So it’s a pleasure to find that “Sister Act,” a new adaptation of the 1992 Whoopi Goldberg film comedy, is energetic, hilarious and thoroughly enjoyable. In spite of a few issues, it has all the makings of a feel-good hit.
The one-liners by Douglas Carter Beane, who rewrote the book’s scenes for Broadway, are cute. Composer Alan Menken and lyricist Glenn Slater provide a catchy score built on period pop and disco with a few touches of gospel.
Patina Miller delivers a breakout performance as Deloris, displaying genuine sex appeal, musical-comedy chops and a phenomenal voice. Tony winner Victoria Clark is similarly terrific as the strict but sincere Mother Superior.

Bloomberg News [Jeremy Gerard]

Whoopi Goldberg, who carried the “Sister Act” film franchise in the early 1990s, returns as a lead producer of the Broadway version of the comedy. And just as the films confirmed Goldberg’s box office appeal, so the show is likely to sprinkle stardust on a roof-raising singer named Patina Miller.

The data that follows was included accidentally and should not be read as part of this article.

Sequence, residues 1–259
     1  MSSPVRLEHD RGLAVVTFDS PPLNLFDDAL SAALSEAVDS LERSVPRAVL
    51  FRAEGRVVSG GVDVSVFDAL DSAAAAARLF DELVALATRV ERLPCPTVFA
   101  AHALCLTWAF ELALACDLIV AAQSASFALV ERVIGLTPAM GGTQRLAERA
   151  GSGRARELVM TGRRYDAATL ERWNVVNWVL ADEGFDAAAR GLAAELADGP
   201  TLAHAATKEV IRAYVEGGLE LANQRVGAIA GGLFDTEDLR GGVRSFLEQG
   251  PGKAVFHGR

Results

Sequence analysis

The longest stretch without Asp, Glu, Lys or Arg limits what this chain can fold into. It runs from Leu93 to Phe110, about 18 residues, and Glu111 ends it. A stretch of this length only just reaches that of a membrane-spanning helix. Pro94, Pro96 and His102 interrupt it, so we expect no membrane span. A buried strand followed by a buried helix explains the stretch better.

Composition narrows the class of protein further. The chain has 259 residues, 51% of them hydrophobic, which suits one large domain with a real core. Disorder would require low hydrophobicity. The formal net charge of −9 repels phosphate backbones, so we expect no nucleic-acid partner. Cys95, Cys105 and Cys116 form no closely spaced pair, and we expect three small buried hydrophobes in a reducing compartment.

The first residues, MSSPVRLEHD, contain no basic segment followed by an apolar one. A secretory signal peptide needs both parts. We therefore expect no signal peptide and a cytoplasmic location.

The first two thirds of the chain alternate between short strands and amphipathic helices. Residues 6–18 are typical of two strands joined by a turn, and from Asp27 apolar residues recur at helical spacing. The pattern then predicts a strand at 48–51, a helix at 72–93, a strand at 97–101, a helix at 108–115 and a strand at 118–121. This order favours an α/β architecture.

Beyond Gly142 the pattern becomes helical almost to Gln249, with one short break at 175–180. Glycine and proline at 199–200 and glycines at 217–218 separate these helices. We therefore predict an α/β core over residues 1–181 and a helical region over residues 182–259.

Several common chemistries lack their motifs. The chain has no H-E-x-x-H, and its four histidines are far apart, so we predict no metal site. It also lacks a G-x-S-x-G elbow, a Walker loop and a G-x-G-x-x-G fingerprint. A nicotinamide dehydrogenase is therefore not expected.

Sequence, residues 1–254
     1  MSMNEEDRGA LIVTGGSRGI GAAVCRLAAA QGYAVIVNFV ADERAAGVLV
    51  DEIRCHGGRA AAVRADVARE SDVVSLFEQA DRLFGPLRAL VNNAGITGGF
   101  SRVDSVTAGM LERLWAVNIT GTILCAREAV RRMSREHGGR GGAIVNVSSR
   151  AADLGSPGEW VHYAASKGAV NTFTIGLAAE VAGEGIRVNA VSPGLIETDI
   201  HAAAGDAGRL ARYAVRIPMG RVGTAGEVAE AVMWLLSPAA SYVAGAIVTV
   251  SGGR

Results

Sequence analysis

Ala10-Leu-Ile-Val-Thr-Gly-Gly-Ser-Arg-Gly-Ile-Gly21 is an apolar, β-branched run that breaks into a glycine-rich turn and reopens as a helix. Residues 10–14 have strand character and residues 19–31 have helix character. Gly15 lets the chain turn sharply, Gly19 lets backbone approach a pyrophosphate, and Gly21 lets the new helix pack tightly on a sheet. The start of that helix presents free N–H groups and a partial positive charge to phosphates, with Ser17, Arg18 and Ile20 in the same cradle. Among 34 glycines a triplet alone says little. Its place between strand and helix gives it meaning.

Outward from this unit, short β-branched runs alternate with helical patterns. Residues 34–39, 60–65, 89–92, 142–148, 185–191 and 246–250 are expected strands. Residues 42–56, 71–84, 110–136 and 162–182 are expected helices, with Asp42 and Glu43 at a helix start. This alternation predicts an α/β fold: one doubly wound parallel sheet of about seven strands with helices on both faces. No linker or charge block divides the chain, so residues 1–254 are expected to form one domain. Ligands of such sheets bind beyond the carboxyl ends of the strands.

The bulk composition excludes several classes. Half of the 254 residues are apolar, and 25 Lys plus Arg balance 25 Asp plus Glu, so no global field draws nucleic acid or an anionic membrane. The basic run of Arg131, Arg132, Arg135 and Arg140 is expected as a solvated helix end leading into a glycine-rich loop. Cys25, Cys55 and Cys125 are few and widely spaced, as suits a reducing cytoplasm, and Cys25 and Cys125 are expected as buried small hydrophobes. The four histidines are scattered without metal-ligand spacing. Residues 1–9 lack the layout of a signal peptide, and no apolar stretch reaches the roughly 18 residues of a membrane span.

Miller plays that supreme wannabe Deloris Van Cartier, who witnesses her married boyfriend (Kingsley Leggs) killing a colleague of dubious loyalty.
Miller’s big, brassy voice and unwholesome swagger inject just the right amount of sizzle into the proceedings. In short order, she transforms a group of mousy nuns from meek choir singers to foot-stomping, palm-waving, ear-splitting cheerleaders for Jesus.
Praise the Lord, or Jerry Zaks, the enterprising director who has turned a chancy enterprise, which debuted in London, into a ripping goodtime hit.

New York Magazine [Scott Brown]

Miller’s an enormous presence, and what she lacks in character detail (there’s precious little to build on in Douglas Carter Beane’s very funny, very thin book), she generally makes up in brass and goodwill. Be warned: This is a show that’s not afraid to do a rappin’ granny number (the same rappin’ granny number, in fact, from The Wedding Singer). If that sort of thing doesn’t put a hitch in your rosary, you’ll likely get religion at Sister Act.